The owner of a defunct Raleigh company blamed for a trail of suspect body parts said Wednesday that he complied with all federal regulations for the harvest and distribution of human tissue and wants to clear his name.
"This week has been very difficult on my family and I," said Philip Guyett, who owned Donor Referral Services. "I felt that it was time to give another side of what happened."
The U.S. Food and Drug Administration ordered Guyett to shut down the company last week, saying he failed to properly document the medical histories of several cadavers he harvested. In failing to do so, he risked spreading diseases, FDA officials said.
Guyett, 38, goateed and with a slightly padded frame, sat for a two-hour interview Wednesday in a sofa chair at a Raleigh Starbucks wearing sneakers and shorts.
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He has until Wednesday to respond to the FDA order. He said that he no longer wants to work in the tissue trade but that he might file a rebuttal anyway to clear his name. He said he quit the business for good this year and hopes potential donors won't be deterred by negative publicity.
"Tissue donation for any reason is an honorable gift to life, research and education," he said. "Those who choose to make this gift should feel good about their decision."
On Wednesday, the FDA appeared to broaden its investigation from Guyett, who supplied the tissues, to an Ohio company that distributed them for implantation. The company, part of AlloSource of Centennial, Colo., began recalling hundreds of Guyett-supplied tissues July 6 after it had shipped them for use as implants.
The FDA is trying to determine which company, Guyett's or the Colorado tissue bank, was primarily responsible for screening and documenting the donor tissues shipped for transplant, said administration spokesman Paul Richards.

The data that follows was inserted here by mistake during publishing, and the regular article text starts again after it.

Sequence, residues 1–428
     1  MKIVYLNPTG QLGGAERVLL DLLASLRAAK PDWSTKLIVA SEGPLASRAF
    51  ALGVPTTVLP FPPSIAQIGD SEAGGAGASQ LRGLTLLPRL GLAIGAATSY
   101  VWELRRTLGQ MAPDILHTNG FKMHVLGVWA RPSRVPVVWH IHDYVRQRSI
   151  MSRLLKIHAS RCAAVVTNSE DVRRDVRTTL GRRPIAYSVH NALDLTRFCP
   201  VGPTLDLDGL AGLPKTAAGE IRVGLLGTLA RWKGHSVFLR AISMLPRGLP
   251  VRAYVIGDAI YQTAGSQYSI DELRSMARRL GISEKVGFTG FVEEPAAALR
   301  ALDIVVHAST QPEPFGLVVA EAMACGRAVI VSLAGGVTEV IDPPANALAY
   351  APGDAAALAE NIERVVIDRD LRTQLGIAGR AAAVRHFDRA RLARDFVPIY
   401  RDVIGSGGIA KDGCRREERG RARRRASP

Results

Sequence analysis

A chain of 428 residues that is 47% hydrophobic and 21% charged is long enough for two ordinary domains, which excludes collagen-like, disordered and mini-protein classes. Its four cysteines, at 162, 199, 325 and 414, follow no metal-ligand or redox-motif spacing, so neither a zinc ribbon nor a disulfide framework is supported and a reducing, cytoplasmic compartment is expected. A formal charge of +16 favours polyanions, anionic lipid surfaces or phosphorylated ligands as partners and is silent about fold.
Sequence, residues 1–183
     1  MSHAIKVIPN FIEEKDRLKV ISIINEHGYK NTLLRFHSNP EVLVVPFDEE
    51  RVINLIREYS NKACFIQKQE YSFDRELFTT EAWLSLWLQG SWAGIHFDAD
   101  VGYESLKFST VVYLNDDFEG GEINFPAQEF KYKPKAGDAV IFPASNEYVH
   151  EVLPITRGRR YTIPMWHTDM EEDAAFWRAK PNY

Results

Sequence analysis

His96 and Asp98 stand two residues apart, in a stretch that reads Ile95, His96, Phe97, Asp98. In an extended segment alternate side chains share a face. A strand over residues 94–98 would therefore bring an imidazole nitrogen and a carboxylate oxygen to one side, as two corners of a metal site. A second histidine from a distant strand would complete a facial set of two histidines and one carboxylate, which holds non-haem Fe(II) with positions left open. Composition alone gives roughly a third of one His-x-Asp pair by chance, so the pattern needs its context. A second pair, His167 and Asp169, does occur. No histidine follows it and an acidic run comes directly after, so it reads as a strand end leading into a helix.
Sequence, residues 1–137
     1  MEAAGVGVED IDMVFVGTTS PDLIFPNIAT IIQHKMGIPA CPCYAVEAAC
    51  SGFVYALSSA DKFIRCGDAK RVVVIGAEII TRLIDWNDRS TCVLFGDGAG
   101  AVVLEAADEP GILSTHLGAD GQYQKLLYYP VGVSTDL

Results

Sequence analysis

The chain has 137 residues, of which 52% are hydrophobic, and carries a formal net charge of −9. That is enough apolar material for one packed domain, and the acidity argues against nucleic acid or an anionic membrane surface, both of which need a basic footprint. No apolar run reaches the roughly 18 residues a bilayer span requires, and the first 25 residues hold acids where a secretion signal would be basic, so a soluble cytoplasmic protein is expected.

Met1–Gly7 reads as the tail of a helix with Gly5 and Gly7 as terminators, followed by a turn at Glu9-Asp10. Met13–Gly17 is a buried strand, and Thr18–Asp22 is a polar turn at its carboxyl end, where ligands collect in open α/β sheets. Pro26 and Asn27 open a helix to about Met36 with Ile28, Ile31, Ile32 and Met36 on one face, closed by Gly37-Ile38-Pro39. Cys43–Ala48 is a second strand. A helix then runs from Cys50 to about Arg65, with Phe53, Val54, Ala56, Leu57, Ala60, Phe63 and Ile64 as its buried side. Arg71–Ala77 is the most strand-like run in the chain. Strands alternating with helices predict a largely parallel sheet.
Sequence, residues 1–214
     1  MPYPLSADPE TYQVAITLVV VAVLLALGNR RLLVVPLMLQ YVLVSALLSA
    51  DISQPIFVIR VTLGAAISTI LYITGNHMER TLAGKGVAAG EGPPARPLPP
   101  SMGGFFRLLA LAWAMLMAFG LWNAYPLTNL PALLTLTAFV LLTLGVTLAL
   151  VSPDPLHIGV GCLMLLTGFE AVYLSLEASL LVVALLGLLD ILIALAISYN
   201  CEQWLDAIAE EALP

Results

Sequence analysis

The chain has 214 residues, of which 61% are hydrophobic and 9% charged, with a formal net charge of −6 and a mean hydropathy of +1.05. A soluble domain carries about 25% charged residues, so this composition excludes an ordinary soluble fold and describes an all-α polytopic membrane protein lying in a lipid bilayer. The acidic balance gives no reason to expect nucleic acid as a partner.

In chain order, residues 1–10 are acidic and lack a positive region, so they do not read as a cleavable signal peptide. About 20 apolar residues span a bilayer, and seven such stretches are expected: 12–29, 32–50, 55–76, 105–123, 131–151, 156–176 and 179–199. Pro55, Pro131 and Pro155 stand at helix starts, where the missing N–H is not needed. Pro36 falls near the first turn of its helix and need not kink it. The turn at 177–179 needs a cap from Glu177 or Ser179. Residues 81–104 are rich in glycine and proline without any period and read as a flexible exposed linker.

Efforts to reach AlloSource and the Ohio tissue transplant business it bought in March were unsuccessful Wednesday.
Tissue banks collect, process and distribute bone, ligaments, skin and tendons. But FDA rules require banks to register and list which functions they perform. Donor Referral Services was registered only to recover tissues from cadavers. Guyett said his company, which closed several months before the FDA order, did not do tissue screening, storage, processing or distributing.
Most tissues can be frozen for six months to 10 years, depending on the storage temperature. It is often during this period when tissue screeners obtain disease-test results and review death certificates and other records for donor risks such as disease or intravenous drug use.
AlloSource officials did not explain earlier this week why the company shipped Guyett-supplied body tissues that had not been properly screened.
The company in March bought the tissue transplant business of Cincinnati-based U.S. Tissue and Cell, which Guyett had supplied with 19 donors from 2002 to 2004.
The tissue trade industry has gained notoriety for theft and for questionable research on cadavers and body parts. Last year, Biomedical Tissue Services of New Jersey was accused of processing stolen bodies and shipping nearly 20,000 potentially tainted body parts.
Guyett, for his part, pleaded no contest to a 1999 felony charge in California after taking payment for human tissue that belonged to the university donor program he ran.
Distribution channels for human tissues are complex and prone to some level of error, he said.
"The tissue industry is large," he said. "There are multiple chains of custody involved in deciding whether a donor is eligible and how their tissue is processed."